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John Carter and Bombs

So, while it’s not as terrible as everyone has made it out to be, John Carter has officially begun making its mark as one of Hollywood’s biggest bombs in history, losing well over 200 million dollars, a surprising feat considering its pedigree and the love fans have had for the source material. There are some who also believe it may have really cost over $350 million once all of the marketing and other issues connected to promoting it nationally and internationally have been tallied in.

This is also that point where I point out that this is also just about the same amount of money many feel would be necessary to clear Laos a substantial majority of the 8 million unexploded cluster munitions left in Laos since 1975. While there are many who want to point out that this is an apples to oranges comparison, I think it is still significant that while we can regularly fund and finance multi-million dollar films, support for humanitarian projects with key long-term benefits for development, trade, and intercultural exchange remains elusive.

Constructively, as Lao Americans we need to begin asking ourselves how we might surmount this challenge and help connect our communities and develop in such a way that people might invest in the clearance of UXO in Laos with the same passion and enthusiasm as producing a film like John Carter, or going to watch the Hunger Games or Twilight.  This is not an absurd position, as many issues, such as breast cancer awareness and environmental concerns have been able to generate this international level of support well beyond local concerns. A recent non-profit organization’s efforts to raise awareness through a viral video demonstrated the ability to use social media effectively to generate not just awareness but tangible support.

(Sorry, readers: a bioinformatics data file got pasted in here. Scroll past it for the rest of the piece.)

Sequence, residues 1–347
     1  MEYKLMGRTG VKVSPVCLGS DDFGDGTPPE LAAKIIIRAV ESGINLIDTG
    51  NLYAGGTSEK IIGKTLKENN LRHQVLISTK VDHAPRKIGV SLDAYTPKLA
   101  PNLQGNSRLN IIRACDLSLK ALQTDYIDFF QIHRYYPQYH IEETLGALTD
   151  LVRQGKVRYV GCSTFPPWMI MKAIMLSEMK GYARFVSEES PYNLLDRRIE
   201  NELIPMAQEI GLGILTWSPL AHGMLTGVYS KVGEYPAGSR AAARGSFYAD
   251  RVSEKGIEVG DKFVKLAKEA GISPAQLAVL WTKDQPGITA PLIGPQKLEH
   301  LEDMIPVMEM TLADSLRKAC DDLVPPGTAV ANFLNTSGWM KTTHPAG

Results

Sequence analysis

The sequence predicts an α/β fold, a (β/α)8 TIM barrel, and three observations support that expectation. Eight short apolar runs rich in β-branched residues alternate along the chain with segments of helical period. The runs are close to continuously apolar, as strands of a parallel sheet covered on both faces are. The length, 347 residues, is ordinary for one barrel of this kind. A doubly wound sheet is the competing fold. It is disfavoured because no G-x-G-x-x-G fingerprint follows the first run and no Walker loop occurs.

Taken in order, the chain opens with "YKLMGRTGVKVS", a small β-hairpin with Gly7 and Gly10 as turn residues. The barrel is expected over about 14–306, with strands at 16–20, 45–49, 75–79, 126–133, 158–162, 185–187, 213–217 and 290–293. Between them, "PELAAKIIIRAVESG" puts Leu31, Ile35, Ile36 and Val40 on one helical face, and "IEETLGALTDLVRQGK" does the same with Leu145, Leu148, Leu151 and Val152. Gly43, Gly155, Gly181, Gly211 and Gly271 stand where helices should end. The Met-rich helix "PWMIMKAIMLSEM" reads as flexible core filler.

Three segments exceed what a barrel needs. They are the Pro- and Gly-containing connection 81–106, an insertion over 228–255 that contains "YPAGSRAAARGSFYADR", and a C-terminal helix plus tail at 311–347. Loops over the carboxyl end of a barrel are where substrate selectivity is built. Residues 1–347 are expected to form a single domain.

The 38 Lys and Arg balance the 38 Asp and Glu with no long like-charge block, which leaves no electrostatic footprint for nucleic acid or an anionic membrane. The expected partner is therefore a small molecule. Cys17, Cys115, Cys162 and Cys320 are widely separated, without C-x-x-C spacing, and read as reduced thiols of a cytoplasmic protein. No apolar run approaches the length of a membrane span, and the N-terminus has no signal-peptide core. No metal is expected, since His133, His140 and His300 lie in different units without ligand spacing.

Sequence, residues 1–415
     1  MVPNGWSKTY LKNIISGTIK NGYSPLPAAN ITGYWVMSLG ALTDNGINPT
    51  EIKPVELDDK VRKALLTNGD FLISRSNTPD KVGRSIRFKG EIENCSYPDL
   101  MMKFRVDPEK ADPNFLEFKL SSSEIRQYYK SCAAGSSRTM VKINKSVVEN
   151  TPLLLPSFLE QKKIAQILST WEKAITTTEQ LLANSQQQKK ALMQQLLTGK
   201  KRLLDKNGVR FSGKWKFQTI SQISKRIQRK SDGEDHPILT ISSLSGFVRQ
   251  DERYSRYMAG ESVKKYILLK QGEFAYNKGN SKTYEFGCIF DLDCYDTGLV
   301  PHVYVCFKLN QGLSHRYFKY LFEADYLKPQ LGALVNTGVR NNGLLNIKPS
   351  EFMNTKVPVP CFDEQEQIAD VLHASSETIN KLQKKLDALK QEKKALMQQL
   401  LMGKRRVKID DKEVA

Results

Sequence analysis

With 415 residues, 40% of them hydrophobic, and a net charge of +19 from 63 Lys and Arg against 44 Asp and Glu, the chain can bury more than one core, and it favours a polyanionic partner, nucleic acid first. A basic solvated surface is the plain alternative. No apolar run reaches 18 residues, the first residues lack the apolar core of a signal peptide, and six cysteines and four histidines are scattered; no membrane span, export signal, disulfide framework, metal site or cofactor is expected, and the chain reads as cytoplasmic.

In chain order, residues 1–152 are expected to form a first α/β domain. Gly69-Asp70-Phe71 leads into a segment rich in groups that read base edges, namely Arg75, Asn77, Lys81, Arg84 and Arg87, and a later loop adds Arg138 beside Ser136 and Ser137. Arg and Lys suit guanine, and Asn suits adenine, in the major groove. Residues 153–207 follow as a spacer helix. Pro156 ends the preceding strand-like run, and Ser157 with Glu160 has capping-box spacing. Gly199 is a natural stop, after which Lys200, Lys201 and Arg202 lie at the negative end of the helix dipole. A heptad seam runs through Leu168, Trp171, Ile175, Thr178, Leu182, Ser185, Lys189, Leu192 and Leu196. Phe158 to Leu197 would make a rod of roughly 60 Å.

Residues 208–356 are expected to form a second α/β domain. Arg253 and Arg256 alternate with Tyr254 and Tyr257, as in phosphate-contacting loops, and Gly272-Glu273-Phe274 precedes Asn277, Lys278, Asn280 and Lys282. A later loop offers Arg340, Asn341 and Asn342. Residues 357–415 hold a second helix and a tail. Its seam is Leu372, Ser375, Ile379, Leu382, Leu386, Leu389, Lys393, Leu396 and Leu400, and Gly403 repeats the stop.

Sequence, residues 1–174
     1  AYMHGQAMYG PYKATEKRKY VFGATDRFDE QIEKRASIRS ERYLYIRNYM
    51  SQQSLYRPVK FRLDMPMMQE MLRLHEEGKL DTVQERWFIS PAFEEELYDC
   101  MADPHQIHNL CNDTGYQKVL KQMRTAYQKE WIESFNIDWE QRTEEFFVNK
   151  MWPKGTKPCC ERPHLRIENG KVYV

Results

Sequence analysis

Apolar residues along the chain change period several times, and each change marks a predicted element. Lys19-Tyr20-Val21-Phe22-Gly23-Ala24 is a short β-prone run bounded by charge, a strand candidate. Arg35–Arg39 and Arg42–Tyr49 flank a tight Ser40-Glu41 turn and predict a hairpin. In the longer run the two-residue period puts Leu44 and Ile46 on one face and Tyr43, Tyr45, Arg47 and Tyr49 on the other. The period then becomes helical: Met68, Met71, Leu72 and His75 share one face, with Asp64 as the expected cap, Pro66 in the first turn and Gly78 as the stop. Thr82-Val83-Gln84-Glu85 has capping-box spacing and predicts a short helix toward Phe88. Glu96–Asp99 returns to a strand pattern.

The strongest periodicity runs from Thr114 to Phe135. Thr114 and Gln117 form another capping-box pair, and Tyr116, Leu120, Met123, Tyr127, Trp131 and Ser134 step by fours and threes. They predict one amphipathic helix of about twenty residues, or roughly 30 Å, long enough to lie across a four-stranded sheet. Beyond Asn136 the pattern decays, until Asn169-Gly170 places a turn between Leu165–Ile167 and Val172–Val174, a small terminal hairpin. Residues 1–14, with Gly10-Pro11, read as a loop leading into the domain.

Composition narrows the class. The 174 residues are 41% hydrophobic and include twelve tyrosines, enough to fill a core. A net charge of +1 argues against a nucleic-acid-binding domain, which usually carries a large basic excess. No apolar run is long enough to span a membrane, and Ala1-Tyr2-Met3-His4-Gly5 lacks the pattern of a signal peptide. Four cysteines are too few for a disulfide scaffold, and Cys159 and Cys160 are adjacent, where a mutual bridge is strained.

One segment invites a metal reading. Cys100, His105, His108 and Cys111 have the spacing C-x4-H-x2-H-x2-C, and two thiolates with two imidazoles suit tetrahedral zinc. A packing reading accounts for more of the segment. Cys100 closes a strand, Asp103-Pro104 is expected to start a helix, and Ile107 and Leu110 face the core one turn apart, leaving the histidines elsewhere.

I would be concerned that a sudden influx of cash and support and international awareness can also be tremendously risky, prone to waste and misdirected funds. This is of course a concern for many already. But what are your thoughts and and ideas?

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Focused on a mission to develop a body of multicultural, multimedia resources that meets the needs of Lao Americans and their friends and families interested in the speculative arts, whether it’s science fiction, fantasy, horror or other artistic genres engaging the Lao imagination and heritage.

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